Teacher Tech blog with Alice Keeler

Paperless Is Not a Pedagogy

Alice Keeler

Google Classroom: 6 Tips to Level Up

Google Classroom: 6 Tips to Level Up
Google Classroom Tips by Alice Get Started with Google Classroom

Please feel free to use this poster with students or to train teachers. Please do not publish it to your blogs or public sites or in other publications. 

6 Steps to Get Started with Google Classroom

Click Here to link to Google Drawing.

I was working with a group of teachers yesterday getting them set up with Google Classroom. I created this poster after the session to remind them of some tips I gave them of where to start and to build up to. I have a blog post on “10 Things to Start with in Google Classroom” and “Google Classroom: 8 Essential Tips Infographic”  that might also be helpful.

Using Google Classroom to distribute worksheets does not change the learning environment, it simply makes it more efficient to pass out things. It takes time to learn a new tool and a level of frustration as well. Technology does not always work correctly; this can lead to frustration as well. My philosophy is that when introducing a new technology tool it better make for a better learning environment to make all the time and hassle worth it.

1) Stop giving directions

Post your directions in Google Classroom. All of them. Stop giving directions and stop repeating yourself. Information should not be ephemeral. Students who are absent or not paying attention miss the directions. This causes frustration on both ends. Even students who are paying attention can not memorize every word you say.

Posting directions in Google Classroom allow students to start immediately working. If they are not waiting for directions, students have more time in class to be actively involved in their learning. This allows you to spend more time working with students. Posting all directions in Google Classroom also makes a sub day a lot less stressful. Students are already used to getting their directions in Google Classroom rather than from the teacher. A sub day is no longer a lost day of learning.


Create a Google text document with the assignment directions and attach it as the first asset in Google Classroom. This allows you to format the text and insert images.
Student submitting work

2) Have the students do the work

You do not need to create templates, worksheets or graphic organizers for students to use Google Classroom. Students will click on “OPEN” in Google Classroom and use the “ADD” attachments option to attach screenshots of their work or documents  they have created. Students can also create a blank Google Doc right from Google Classroom. By creating blank documents from the “ADD” attachments option, the document is immediately available to you. You are able to view student work and provide feedback before the due date.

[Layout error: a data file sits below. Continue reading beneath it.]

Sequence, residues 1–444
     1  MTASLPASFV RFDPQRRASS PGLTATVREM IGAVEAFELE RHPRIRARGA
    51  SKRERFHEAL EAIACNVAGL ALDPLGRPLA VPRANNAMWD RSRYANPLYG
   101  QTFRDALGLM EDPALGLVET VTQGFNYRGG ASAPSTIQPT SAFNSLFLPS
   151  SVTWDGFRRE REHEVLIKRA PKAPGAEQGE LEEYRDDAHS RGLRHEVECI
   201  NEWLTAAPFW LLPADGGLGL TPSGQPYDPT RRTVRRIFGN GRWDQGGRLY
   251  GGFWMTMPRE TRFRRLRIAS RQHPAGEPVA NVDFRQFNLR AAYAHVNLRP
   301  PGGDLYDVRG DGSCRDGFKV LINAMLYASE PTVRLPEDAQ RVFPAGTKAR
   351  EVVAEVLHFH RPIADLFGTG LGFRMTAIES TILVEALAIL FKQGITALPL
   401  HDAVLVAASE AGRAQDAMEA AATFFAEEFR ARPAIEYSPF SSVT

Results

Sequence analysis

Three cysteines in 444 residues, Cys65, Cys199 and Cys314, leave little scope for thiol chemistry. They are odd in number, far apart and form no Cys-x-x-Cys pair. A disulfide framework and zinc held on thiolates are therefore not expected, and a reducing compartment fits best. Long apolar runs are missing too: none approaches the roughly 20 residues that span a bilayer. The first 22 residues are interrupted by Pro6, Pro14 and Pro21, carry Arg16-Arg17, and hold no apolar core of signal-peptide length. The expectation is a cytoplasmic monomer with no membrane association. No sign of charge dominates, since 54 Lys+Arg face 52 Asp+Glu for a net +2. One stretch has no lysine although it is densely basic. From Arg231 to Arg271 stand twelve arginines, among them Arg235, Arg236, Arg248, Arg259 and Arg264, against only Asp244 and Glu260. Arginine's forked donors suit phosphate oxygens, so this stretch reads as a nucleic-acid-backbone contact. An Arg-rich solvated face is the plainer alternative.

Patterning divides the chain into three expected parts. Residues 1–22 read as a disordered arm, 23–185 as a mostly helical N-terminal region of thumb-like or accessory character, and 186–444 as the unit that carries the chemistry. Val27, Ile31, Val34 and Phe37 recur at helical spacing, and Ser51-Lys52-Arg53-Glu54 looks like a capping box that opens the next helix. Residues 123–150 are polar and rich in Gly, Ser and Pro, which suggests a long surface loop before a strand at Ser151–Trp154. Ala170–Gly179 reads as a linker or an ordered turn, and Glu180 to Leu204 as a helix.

attach screenshots and create google docs

3) Use collaborative Google Slides

Learning new technology should feel like it is worth it. Having students type on a text document does not feel different than students write on paper or using other word processors. The big advantage to using Google Apps is “collaboration.” While students can collaborate on Google text documents, using Google Slides feels magical. Using Google Slides allows you to see all the students work at one time. It is less steps to create and share a collaborative Google Slides with students through Google Classroom than it is to learn how to annotate PDF’s and distribute to students.

Start with Google Drive. Click on the “NEW” button and choose “Slides.”
Name the Slides presentation. Leave the slides BLANK!
Close the presentation.
Go to Google Classroom.
Create a new assignment.
Select the Slides presentation you just created.
Change the viewing permissions to “Students can edit file.”
Press “ASSIGN.”
Attach Slides presentation

Collaborative Google Slides can be done for almost any assignment or activity. Think of the slide as a single page or a canvas. Students can write on the slide, draw on the slide or insert pictures onto the slide. Students can even do their work on paper and use the insert menu to insert an image and “Take a snapshot.” Students hold their work up to the webcam and insert a picture of their work.

The Google Slides app on mobile devices is amazing. Students are able to easily open the collaborative Google Slides presentation from the Google Classroom app on their mobile device. Using the camera feature, students can insert pictures of their work or screenshots of their work.